Kanban Basics: Boards and Cards
Now that you know the what of Kanban, let’s discuss the how. Kanban uses boards - Kanban boards - to represent your process, and cards to represent your work items. Every Kanban board reflects some version of this basic workflow: To Do, Doing, and Done.
To Do > Doing > Done
The first step to practicing Kanban is to customize your board to accurately reflect your unique process. Here are some examples of different Kanban boards for a marketing team, software development team, and an individual managing personal projects.
Marketing: Backlog > Planning/Research > Testing > Implementation > Analysis > Done
Software Development: Backlog > Gather Requirements > Doing > QA > Deploy > Done
Individual: To Do > Planning > Doing > Reviewing > Done
What is that process for you? We can’t tell you that - but we do have an exercise that can help you figure it out - download our Kanban Roadmap to learn how to identify the steps in your process and design a Kanban board that reflects it.
Why It Works
Kanban harnesses our brain’s innate preference for consuming visual information. It helps us clear through mental clutter and stay focused on delivering on our bigger goals - something we are unable or unwilling to do when left to our own devices, because it goes against a lot of what we’ve been taught about productivity.
We all know people who brag about their ability to multitask: They say it’s possible to watch and retain information from a webinar while getting caught up on email while ordering a few household needs on Amazon. By now, you should recognize the inefficiency in this sort of behavior - you know that the person has probably retained only the basics from the webinar, that they probably made a few errors in their responses to emails, and that they most likely forgot a few essential items from their Amazon list. Why? Because they weren’t using their full brain for any of these activities.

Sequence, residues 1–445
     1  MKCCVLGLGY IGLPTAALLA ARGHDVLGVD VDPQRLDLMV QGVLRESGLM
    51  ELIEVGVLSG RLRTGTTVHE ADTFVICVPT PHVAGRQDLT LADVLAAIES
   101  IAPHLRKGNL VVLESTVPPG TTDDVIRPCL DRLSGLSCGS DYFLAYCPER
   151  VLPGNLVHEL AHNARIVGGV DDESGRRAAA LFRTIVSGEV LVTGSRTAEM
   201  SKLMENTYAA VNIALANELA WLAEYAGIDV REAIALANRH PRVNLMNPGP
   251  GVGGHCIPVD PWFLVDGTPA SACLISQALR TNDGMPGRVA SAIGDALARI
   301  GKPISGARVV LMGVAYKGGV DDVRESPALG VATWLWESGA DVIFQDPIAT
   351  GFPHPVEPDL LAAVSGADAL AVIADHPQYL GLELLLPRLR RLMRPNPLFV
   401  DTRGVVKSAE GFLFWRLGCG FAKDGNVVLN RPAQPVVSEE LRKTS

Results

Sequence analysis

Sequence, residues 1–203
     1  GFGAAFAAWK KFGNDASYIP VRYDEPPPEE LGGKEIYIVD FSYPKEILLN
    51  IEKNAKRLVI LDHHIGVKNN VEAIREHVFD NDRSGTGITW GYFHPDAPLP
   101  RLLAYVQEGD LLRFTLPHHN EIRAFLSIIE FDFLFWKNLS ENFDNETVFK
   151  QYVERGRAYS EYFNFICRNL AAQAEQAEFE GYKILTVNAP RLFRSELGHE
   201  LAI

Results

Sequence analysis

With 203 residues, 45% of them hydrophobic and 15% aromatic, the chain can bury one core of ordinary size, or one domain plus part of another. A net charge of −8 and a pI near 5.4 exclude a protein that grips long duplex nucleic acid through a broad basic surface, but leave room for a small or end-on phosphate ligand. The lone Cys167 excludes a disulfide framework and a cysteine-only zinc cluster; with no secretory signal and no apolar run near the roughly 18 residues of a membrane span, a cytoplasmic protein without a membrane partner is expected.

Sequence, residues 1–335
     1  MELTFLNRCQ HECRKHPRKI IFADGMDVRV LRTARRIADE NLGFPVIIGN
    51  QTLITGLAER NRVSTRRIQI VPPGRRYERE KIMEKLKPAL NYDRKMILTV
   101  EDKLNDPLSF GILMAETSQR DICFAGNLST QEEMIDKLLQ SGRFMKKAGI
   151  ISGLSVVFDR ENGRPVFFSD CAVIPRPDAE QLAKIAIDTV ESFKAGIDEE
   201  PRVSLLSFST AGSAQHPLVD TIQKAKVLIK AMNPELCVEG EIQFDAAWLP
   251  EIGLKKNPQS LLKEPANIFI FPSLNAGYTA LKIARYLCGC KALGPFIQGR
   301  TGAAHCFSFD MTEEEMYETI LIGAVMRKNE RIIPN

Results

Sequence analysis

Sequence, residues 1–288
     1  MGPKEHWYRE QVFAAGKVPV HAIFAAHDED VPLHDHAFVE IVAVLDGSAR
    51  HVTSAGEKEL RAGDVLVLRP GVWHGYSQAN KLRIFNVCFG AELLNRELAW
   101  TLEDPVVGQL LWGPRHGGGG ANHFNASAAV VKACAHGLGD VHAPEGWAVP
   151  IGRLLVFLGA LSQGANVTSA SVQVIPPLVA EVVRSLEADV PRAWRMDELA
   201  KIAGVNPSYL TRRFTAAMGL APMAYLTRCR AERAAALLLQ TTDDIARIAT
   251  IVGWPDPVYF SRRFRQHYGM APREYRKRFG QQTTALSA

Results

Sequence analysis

Multitasking is a silent killer of productivity, disguised as a ‘life hack.’ In the book Organize Your Mind, Organize Your Life, authors Dr. Paul Hammerness and Margaret Moore describe how multitasking increases the risk for making mistakes and missing important information and cues. Their research shows that people who multitask are less likely to retain information in working memory, which can hinder problem solving and creativity. Yikes!
The antidote to multitasking, is of course single-tasking, or as the authors call it, set shifting. Set shifting involves focusing on completing one task at a time, and then actively and intentionally shifting our focus over to the next task only when the first task is done. Practicing set shifting helps you give your full brain’s attention to the task at hand - helping you do it better.
Of course, breaking the pattern of multitasking at work can’t happen overnight. We have to actively train our brains to stop craving the stimulation of multitasking, and instead encourage our brains to enjoy the freedom and clarity of completing one thing at a time. Kanban can help facilitate this transition. Over time, using Kanban to manage your work will help you master the practice of single-tasking - staying focused on completing one task at a time. This will not only make you more productive - it will make your brain happier and healthier, too.